"Imagine a clinic operating without an ultrasound machine, or a barley farm operating without a tractor," he says. "The fruit couldn't be hanging lower. The first ultrasound and the first tractor are astronomically more productive investments than the furniture in the Facebook lobby."


Asian investors know that Africa is the place to invest, in particular because it holds vast untapped resources as well as clear need for infrastructure.

"Africa's needs have been estimated at $70-100 billion a year for infrastructure investment that is unmet right now by international capital flows," said economist Jeffrey Sachs at a recent Asian Development Bank meeting in Manila. The ADB estimates that in 2010, Asia invested around $29 billion in Africa, though Sachs thinks that figure could be upwards of $100 billion.

"I think there's at least an additional $50 billion a year that could profitably flow to Africa for core investments in the power sector, rail, roads and the IT backbone that is not flowing right now," said Sachs, who is the director of the Earth Institute at Columbia University.

He said that considering the slowdown of medium-term growth prospects in the United States and Europe, Africa could also be a major export market.


Perhaps Africa suffers from an image problem in the West that doesn't exist in China. Lamberson says that part of the problem getting capital flowing are "continual fears about 'risk'—a word often applied to earnest African businesses, but not to JP Morgan. A man I know has built a brand manufacturing lotions and cosmetics from local aloe vera plants, but because he’s based in the much-maligned Democratic Republic of Congo, it’s all but impossible for him to break through to investors and grow. Even companies in east Africa’s comparatively advanced tech scene have a hard time raising smaller amounts of capital. But they deserve the chance to be productive—remember, it only took $18,000 in capital to start Facebook."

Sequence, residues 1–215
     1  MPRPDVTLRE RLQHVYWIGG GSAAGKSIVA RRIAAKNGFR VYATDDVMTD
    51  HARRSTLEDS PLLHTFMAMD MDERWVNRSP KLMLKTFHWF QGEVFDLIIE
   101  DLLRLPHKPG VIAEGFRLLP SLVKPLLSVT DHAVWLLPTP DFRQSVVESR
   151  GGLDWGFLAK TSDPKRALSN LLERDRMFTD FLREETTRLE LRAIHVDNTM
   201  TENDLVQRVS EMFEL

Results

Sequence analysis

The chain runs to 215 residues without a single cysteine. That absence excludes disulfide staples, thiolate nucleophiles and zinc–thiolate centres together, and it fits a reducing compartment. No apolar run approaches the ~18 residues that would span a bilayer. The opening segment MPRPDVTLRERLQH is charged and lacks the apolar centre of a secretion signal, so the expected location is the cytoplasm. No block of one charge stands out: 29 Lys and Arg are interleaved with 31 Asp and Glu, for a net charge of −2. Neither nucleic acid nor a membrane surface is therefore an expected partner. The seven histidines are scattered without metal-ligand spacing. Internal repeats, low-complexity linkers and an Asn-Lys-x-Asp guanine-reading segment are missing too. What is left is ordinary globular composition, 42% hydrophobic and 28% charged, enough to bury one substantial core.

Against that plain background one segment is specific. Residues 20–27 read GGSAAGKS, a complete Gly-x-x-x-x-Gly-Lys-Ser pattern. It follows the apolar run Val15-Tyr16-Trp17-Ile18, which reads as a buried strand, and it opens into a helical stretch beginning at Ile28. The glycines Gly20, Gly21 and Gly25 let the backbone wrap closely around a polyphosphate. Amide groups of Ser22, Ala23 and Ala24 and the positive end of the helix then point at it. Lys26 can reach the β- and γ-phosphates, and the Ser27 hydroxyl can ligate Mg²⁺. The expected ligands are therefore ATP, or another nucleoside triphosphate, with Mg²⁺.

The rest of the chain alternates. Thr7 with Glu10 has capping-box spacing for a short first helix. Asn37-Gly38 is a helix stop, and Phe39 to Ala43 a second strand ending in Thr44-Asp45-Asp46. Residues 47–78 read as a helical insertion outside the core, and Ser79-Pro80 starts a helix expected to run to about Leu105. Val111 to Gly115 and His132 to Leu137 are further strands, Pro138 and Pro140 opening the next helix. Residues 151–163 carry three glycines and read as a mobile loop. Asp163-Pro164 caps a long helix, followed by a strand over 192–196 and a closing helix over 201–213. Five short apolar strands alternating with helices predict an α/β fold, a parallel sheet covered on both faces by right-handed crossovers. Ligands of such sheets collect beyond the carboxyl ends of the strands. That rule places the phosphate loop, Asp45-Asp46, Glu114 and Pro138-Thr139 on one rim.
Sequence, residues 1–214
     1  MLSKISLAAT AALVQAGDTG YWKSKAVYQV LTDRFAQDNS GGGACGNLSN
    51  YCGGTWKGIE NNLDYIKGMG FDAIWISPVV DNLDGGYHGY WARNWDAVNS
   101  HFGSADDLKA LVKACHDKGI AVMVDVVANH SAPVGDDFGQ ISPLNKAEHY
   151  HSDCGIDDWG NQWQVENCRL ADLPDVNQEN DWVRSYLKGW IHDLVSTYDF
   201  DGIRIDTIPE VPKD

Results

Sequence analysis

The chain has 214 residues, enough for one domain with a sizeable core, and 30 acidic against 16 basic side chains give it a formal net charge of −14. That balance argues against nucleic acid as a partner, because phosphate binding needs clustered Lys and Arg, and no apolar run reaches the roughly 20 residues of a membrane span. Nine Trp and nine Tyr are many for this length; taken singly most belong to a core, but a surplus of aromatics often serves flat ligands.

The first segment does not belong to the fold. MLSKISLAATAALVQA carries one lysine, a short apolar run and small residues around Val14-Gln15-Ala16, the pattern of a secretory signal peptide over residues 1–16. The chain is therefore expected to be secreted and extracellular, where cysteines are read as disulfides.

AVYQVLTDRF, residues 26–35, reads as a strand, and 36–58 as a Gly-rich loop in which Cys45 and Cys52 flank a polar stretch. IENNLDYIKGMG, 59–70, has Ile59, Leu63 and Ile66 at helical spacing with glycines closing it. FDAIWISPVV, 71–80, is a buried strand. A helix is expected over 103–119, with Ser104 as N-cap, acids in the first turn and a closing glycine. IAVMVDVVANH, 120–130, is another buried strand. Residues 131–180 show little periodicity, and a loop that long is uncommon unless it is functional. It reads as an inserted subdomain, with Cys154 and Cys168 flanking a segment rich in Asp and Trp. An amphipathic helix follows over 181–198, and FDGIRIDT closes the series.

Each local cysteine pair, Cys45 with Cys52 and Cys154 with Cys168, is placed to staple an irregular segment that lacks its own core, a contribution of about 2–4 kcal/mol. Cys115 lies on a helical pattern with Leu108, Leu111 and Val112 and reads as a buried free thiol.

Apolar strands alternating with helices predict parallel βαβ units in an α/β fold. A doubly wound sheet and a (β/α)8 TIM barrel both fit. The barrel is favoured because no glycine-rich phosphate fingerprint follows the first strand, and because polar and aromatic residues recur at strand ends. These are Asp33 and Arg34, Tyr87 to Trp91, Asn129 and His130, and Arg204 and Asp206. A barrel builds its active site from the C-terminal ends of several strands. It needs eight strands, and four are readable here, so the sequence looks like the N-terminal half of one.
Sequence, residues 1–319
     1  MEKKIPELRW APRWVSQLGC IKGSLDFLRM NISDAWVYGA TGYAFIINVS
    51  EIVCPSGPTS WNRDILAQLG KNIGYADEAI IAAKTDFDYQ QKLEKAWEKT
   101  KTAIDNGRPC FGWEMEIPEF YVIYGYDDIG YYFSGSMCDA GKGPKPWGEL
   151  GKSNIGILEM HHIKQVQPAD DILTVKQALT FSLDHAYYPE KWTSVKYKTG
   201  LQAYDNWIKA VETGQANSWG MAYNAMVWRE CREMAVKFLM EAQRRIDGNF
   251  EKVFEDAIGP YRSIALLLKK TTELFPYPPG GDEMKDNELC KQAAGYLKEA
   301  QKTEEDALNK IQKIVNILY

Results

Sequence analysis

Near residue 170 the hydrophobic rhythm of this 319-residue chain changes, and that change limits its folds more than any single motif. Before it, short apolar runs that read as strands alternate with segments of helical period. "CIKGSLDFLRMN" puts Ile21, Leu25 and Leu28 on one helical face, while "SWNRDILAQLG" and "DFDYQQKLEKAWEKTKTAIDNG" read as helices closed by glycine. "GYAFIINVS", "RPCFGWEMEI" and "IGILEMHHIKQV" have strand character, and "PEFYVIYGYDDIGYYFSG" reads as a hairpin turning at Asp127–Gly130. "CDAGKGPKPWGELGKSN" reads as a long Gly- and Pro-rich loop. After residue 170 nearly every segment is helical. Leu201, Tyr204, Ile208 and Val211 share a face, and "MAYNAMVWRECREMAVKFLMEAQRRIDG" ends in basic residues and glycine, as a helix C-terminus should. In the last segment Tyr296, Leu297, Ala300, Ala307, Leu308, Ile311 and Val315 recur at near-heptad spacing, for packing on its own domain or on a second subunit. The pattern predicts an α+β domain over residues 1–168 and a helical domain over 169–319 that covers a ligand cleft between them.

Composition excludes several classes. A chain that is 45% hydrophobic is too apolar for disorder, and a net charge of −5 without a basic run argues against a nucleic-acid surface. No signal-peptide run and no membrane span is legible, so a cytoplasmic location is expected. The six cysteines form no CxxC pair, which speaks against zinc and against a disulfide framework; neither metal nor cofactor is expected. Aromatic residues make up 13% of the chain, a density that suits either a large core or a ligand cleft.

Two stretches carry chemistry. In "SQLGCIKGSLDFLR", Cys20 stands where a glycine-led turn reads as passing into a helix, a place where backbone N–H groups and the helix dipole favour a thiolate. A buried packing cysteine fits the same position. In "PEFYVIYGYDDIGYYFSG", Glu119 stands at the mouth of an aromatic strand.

Imagine what $16 billion could do if, instead of being invested in social media, were invested in social change. Now that's a thought that should get a lot of "Like" buttons pressed.

Reynard Loki doesn't use Facebook.



Open Capital Advisors. About Us. Accessed May 18, 2012.
International Monetary Fund. World Economic Outlook Database. April 17, 2012. Accessed May 18, 2012.
United Nations Development Programme. Human Development Statistical Annex. 2011. Accessed May 18, 2012.
World Bank. Gabon Country Brief No. 5. March 2011. Accessed May 18, 2012.
Lamberson, Walter. Facebook Doesn't Need Your Money; Invest in Africa Instead. May 18, 2012. Accessed May 18, 2012.
Pinto, Nick. Rise of the Facebook Killers. The Village Voice. February 15, 2012. Accessed May 18, 2012.
Jubak, Jim. Beware the Facebook IPO. MSN Money. May 17, 2012. Accessed May 18, 2012.
Reuters. Asia should invest in Africa, says Sachs. May 3, 2012. Accessed May 18, 2012.
Ibid., 6.

image: Maasai women make, sell and display their bead work in Kajiado, Kenya, 2010 (credit: Georgina Goodwin/World Bank, Flickr Creative Commons)